Upper GI Problems

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On the lips or anywhere in the mouth-- tongue, floor of mouth, buccal mucosa, hard and soft palate, pharyngeal walls, and tonsils.

Where can cancer of the mouth occur?

60 years

Average age onset of cancer of the mouth?

Men (Affects all ethnic groups.)

Cancer of the mouth more common in men or women?

Squamous Cell Carcinoma

Most common oral malignant tumor

Lower lip in men. (other common sites: under tongue, labial, buccal mucosa)

Most malignant tumors of the mouth occur where?

Carcinoma of the lip (b/c lip lesions are more apparent)

Most favorable prognosis of any of the oral tumors.

Carcinoma of the oral cavity

Predisposing factors of ____: Overexposure to ultraviolent radiation, irritation from pipe smoking, tobacco use, chronic alcohol use, poor dental care, and increasing age.

Oral Cancer

Leukoplakia, erythroplakia, ulcerations, sore spot, rough area (felt with tongue). Later s/s--dysphagia, pain, difficulty chewing and speaking.

Leukoplakia

White patch or "smoker's patch" on mucosa of mouth or tongue-- becomes hard and leathery. Result of chronic irritation, esp from smoking. (Precancerous lesion--7% become malignant)

Erythroplasia

Red velvet patch on floor of the mouth or tongue, palate, and mucosa. (Precancerous lesion--90% become malignant).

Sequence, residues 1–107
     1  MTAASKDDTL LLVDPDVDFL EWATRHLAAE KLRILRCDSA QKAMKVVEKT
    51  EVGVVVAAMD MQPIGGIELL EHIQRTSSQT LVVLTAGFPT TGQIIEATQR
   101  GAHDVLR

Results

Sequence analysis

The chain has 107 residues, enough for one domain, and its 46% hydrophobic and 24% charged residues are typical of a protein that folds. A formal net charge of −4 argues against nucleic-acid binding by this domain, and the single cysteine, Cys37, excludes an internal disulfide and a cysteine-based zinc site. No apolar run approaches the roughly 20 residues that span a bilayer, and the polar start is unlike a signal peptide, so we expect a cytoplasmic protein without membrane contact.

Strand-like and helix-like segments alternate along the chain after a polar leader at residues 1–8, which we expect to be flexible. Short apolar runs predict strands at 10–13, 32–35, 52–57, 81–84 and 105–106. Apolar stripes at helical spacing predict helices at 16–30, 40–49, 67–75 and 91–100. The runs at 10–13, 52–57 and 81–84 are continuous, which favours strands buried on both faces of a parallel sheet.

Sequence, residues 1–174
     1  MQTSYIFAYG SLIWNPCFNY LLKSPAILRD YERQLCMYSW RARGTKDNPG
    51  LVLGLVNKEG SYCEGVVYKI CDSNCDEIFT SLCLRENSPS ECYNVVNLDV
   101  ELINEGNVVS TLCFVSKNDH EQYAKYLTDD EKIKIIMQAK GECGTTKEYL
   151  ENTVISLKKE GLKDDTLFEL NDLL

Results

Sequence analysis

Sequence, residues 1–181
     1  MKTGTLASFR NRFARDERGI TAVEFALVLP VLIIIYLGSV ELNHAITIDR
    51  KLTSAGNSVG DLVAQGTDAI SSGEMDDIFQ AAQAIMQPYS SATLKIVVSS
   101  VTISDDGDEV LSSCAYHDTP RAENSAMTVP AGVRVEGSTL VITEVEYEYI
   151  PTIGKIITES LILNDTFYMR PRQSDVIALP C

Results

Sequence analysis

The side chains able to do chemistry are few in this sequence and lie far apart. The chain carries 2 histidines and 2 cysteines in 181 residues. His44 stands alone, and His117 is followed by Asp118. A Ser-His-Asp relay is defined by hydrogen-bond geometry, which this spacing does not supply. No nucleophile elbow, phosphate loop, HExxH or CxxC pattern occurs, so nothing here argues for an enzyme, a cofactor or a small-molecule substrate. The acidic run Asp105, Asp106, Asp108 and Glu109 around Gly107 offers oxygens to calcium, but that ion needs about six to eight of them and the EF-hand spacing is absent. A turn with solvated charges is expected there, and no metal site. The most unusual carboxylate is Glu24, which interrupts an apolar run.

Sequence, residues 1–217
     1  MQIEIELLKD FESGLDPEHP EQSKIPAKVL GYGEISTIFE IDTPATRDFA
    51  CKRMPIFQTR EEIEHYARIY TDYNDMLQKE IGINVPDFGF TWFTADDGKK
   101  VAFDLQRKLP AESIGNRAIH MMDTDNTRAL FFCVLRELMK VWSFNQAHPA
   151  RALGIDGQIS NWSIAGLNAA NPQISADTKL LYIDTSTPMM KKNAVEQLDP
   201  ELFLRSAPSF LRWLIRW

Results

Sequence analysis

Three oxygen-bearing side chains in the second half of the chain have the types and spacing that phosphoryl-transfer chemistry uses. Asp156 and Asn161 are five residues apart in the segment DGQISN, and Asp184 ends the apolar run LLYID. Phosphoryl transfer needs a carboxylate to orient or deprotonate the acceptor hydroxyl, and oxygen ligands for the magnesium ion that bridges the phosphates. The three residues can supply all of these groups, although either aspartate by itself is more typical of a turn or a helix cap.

Cancer of the lip

Usually appears as a painless ulcer of the lip.

Ulcer or area of thickening

First sign of carcinoma of the tongue

Proximal (may experience limitation of movement of the tongue)

Cancerous lesions are most likely to develop on which part of the tongue?

Later s/s of CA

Increased salivation, slurred speech, dysphagia, toothache, earache (May be asymptomatic)

Biopsy

Best definitive diagnostic measure for oral cancer.

Surgery (esp for removing central core of tumor)

Most effective tx for oral cancer.

Radical neck dissection (removes lesion, regional lymph nodes, deep cervical lymph nodes, and lymphatic channels)

Cancers of the oral cavity mets early to the cervical lymph nodes, so a ___ is commonly performed.

Chemo and radiation are used together

When lesions are more advanced, what is done?

Chemo

When sx and radiation fail OR initial therapy for small tumors

Pallative tx

Best management when the prognosis is poor, cancer is inoperable, or pt decides against surgery.

treat the s/s & make pt more comfortable

Pallative tx aims to...

Frequent suctioning and GT tube may be placed

When swallowing becomes difficult for the pt...

See MD!!

Danger S/S: Unexplained pain or soreness in mouth, unusual bleeding from oral cavity, dysphagia, swelling or lump in neck, ulcer that does not heal in 7-10 day.

GERD

Reflux of gastric contents into the lower esophagus

Predisposing factors of GERD

Hiatal hernia, incompetent lower esophageal spinchter (LES), decreased gastric emptying

Heartburn

Burning, tight sensation felt beneath the lower sternum and spreads upward.